Other Christmas goodies, namely the visions of toys dancing in the little boy's head, were harder to nail down. "You can't go too old school with these toys," he explains. "Because technology changes every year and kids don't like the same thing. I always wanted a guitar; everyone wants a remote control something. A bike is a classic. My kids love building stuff like Lego things. I tried to throw all those in there as well so everyone can relate, adults and kids."

Some of Fallon's favorite toys will also be on display as part of an installation at iconic New York City toy store FAO Schwarz (and for every copy of the book sold there, they will be donating a toy to St. Jude Children’s Hospital). "FAO Schwarz is the mecca of Christmas and the holidays," he gushes. "I walk around even without my kids. I go by myself. You get so excited. It's that childlike mentality."

Through reflecting on favorite gifts and toys of old, Fallon says his dearest wish is that the book will be an opportunity for families to share their best holiday memories with their children. "When you read to a kid, it's not just the words. It's stories that you tell," he reflects. "You share your memories and get your kids excited about the holiday too. This is a book like any other book, but the detail you use makes you think back to your memories. You can tell your kid, 'This is the way I had it in our house. It never snowed, except for one year.' It sparks your stories."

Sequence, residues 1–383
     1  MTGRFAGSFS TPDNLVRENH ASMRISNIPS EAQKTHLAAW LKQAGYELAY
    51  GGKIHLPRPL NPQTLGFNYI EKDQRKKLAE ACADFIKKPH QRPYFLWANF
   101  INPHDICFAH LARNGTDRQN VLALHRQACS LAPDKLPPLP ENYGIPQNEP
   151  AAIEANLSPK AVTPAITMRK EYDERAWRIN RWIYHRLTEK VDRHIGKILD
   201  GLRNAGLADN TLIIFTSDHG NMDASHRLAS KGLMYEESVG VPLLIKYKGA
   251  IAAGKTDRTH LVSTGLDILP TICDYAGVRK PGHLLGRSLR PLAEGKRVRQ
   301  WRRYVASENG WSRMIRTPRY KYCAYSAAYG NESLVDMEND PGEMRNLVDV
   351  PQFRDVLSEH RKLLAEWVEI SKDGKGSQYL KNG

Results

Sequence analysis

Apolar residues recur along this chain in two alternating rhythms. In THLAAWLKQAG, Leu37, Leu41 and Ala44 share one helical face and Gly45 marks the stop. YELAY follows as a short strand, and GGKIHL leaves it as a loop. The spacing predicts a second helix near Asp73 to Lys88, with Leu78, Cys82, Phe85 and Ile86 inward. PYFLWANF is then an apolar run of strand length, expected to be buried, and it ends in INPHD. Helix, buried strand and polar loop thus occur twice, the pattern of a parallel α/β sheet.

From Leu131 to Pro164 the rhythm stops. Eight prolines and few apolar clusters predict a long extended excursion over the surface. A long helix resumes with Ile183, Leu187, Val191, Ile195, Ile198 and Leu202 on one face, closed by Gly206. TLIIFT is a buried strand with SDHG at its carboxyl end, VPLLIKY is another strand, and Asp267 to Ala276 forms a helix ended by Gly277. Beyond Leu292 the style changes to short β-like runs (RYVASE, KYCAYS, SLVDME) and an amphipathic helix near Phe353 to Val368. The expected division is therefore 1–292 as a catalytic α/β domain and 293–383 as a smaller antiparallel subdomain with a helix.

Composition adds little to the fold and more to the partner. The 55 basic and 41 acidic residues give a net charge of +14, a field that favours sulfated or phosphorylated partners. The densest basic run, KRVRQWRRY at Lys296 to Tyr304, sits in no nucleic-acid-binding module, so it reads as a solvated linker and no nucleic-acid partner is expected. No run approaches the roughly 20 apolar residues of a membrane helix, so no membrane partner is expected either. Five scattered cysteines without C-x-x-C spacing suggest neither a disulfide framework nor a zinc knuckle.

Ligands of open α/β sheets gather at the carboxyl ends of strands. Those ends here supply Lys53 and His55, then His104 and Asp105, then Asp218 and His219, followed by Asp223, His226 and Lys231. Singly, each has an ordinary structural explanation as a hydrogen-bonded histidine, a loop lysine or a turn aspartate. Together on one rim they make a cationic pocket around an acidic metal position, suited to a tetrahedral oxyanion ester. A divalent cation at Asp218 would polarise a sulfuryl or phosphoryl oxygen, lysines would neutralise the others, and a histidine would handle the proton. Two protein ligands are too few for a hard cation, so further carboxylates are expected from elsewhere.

The book will also spark stories for kids in need this holiday season, as Fallon and his publisher Macmillan are partnering with nonprofit First Book for the Give a Million campaign, with a goal of giving 1 million books to children in low-income communities across the world.

For all who dive into the festive tale, it also comes with a surprise twist in its final pages — a reminder that much of the joy of Christmastime is the anticipation."It's such a magical, fun time as a kid," he concludes. "It's the most special day of the whole year. Half the fun of Christmas is waiting for Christmas. You don't realize that until you're an adult."